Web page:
October is a month of statistics, as several international financial institutions (IFIs) release their autumn outlooks. The influence of IFIs and international organisations in general has increased a lot during the last two years as they have provided crucial financing, opinions and advice on the financial and economic crisis and recovery. There is a plethora of organisations, but the G20 has arguably grown to be the most important in terms of policy-making, although it has no or very limited human or financial resources. It has delegated much of the implementation to the IMF, which has therefore grown even more important. Regionally, the European Bank for Reconstruction and Development (EBRD), which was regarded as a rather bureaucratic and slow investor prior to the crisis, has been reinvigorated. Not only due to its financing capabilities but also because of the role it played to avoid a systemic banking crisis in Eastern Europe in 2009. So, it is fair to say that the market now pays more attention to the forecasts and the analyses made by these institutions.
We argued last month that Eastern European equity markets to a large extent are driven by the global development but that it is difficult to find a clear trend for the world economy, which causes a lot of uncertainty on the financial markets. This is still the case, but one important implication of the diverging trends is that the strongly coordinated global economic policy action that we have got used to during the past two years is losing momentum. The G20 meeting in April 2009 was probably the high point, but the EU/IMF bailout package this spring was also an important achievement, although it may be argued that it came too late. It is not that there is no need for coordination on important issues or a lack of proposals, but the political will is arguably not as strong today as it used to be. The issues are more complex though, and the sense of urgency has decreased. The talks of a currency war – the debate about the strength of currencies that has intensified lately – is worrying, and the main players seem more inclined to blame one another than find solutions. In particular, the focus is on China and the need to revalue the yuan, a discussion that so far has yielded little progress.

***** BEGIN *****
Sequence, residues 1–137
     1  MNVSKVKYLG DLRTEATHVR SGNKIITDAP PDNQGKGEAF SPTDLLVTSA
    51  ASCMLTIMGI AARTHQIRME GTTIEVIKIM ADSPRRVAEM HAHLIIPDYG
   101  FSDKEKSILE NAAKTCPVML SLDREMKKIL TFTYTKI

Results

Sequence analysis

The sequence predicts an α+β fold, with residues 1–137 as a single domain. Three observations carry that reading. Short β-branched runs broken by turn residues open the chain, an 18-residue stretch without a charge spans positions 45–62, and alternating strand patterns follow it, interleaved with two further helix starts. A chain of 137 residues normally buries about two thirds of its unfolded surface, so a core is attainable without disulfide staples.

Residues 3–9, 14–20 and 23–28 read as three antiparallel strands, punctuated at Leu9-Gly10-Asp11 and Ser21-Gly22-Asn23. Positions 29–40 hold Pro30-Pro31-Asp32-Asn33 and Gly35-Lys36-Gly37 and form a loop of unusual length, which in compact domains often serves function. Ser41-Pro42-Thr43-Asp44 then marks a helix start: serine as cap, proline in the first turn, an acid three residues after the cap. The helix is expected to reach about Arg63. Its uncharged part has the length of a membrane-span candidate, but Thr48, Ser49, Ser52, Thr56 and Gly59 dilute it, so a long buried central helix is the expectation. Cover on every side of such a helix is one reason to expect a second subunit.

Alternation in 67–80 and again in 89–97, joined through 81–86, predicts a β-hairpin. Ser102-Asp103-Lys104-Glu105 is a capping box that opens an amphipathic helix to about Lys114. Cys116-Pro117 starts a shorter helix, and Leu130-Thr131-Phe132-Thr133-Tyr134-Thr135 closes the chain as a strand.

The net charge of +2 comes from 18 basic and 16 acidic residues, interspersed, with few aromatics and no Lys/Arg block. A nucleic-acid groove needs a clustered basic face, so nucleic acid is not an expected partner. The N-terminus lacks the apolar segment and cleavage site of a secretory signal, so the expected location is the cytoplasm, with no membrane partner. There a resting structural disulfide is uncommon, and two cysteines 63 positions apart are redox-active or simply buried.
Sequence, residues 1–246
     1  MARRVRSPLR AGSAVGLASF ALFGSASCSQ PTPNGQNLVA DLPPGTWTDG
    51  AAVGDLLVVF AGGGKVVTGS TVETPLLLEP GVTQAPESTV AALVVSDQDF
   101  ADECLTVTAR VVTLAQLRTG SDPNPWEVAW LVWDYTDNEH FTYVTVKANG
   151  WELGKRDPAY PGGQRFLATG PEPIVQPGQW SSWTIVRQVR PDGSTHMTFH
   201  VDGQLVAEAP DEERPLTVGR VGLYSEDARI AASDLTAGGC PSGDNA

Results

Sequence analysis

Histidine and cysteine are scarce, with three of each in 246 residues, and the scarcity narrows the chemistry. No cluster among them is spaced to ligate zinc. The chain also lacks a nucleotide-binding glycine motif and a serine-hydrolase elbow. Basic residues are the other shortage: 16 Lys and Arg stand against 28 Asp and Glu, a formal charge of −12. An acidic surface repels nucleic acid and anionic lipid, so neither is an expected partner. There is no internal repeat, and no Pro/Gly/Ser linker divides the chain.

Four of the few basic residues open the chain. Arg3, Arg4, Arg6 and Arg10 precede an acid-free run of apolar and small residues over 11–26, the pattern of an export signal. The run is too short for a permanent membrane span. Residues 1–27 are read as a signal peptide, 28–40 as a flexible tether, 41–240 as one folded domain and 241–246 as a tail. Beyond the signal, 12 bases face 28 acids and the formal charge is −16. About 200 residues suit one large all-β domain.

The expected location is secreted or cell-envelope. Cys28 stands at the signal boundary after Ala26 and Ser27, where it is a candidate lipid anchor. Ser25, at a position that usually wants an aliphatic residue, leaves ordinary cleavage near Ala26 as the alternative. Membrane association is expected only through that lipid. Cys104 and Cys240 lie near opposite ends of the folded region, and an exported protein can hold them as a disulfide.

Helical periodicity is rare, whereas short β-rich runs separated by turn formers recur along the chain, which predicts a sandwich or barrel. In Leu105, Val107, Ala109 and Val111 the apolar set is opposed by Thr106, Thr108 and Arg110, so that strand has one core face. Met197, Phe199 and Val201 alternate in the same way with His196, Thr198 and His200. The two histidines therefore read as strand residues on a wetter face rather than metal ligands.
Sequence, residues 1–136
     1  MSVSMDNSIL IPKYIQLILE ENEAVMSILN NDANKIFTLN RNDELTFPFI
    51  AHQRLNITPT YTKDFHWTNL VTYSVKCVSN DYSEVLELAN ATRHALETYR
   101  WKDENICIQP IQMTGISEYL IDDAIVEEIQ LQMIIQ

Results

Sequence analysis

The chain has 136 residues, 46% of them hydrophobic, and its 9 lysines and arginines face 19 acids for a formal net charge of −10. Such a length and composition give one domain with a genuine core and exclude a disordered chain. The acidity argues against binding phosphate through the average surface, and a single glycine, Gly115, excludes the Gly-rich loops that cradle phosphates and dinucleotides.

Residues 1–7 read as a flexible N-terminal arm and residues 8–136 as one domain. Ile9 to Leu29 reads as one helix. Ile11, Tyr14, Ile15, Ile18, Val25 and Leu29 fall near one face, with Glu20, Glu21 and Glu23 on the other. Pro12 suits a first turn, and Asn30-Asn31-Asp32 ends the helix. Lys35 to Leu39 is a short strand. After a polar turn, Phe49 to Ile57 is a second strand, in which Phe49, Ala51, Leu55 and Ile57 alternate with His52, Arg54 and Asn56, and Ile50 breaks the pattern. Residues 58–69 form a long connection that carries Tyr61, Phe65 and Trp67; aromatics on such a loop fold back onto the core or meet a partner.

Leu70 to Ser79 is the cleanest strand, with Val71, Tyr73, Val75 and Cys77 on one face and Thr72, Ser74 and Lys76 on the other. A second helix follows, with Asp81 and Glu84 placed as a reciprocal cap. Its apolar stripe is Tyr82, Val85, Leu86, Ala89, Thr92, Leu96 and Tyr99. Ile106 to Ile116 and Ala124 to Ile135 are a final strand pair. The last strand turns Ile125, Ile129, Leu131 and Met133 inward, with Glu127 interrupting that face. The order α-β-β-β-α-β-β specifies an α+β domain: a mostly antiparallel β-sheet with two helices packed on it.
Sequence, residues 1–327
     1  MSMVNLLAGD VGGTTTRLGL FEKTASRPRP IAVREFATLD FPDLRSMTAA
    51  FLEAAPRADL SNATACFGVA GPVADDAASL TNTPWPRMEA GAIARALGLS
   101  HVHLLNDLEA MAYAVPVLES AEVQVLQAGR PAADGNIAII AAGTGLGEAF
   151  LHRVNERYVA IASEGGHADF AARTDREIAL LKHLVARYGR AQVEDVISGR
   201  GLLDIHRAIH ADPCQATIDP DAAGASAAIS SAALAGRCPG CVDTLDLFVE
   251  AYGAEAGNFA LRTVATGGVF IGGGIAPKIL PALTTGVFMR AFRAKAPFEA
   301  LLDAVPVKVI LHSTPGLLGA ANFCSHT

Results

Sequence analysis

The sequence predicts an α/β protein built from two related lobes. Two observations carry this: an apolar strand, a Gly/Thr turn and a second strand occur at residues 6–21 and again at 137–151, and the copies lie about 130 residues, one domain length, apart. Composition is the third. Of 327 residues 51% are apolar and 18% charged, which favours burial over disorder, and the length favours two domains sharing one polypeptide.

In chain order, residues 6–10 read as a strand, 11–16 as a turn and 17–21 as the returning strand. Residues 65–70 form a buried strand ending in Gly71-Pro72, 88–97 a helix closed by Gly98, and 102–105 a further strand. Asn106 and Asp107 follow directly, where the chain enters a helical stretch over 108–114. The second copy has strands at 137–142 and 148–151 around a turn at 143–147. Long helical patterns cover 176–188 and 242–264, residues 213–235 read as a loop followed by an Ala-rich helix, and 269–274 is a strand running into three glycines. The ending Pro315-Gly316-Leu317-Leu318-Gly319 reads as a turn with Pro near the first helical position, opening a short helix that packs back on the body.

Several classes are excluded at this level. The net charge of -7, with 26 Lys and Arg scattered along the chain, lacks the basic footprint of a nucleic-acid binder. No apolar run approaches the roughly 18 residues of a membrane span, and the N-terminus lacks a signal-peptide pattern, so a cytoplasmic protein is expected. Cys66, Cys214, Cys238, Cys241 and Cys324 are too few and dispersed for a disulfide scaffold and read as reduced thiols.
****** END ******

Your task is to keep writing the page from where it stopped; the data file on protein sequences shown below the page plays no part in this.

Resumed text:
Growth across Eastern Europe, and in Russia in particular, has been surprising on the upside, and the domestic demand story is gradually coming back. The upward revision of Russian economic growth continues, and the consensus is getting close to our forecast of 5%. Recently, the World Bank increased their forecast by approximately two percentage points, to 5-5.5% for 2010, and Bank of America/Merrill Lynch set the highest estimates last week, at 7%. Some institutions, most notably the IMF and some Austrian banks, still have fairly conservative forecasts for this year, but this is probably mostly due to lagging revisions. As a matter of fact, the IMF will present their spring forecast in late April, and it would be surprising if they did not continue to upgrade the growth estimate for this year (see chart below). A similar, albeit not as dramatic, trend is evident elsewhere in the region.
At the beginning of a new year it makes sense to look both back and forward. Last year was characterised by an extraordinary recovery on the equity markets in Eastern Europe, most markets have recorded triple digit gains since their respective bottoms. The recovery should, however, be viewed with the dramatic correction in 2008 in mind.
Most countries in Eastern Europe recorded almost unprecedented economic contraction and market recoveries while celebrating the twenty year anniversary of the fall of the Berlin Wall. It may therefore seem a little far-fetched to argue that Eastern Europe is normalising at the end of one of the most extraordinary years since the transition process started. […]
Most economic growth forecasts were so spectacularly off the mark during the financial crisis, that many pundits have asked if economists and the entire dismal science are of any use at all! While leaving that specific question aside, it may be worth pointing out that economists run the risk of making the same mistake all […]
After having corrected somewhat in June, stock markets across Eastern Europe developed very positively in July. But the picture is not uniform and a few interesting observations emerge when analyzing the performance during the past month and the first half of the year. The most obvious conclusion is that Turkey outperformed during the first half […]
Decoupling was the most popular catchword among emerging market experts a year ago. But as deleveraging, another popular buzz word, brought much of the emerging world to its knees, even the staunchest supporters of the idea that emerging and developing economies were no longer dependent on the development in mature economies began to doubt. The […]
Economic development and financial markets are closely related, but do not always move in tandem. Markets normally respond to the underlying economic situation and tend to price in the news rather quickly, which is why the market is often assumed to be ahead of the economy. This phenomenon is more evident than ever at turning […]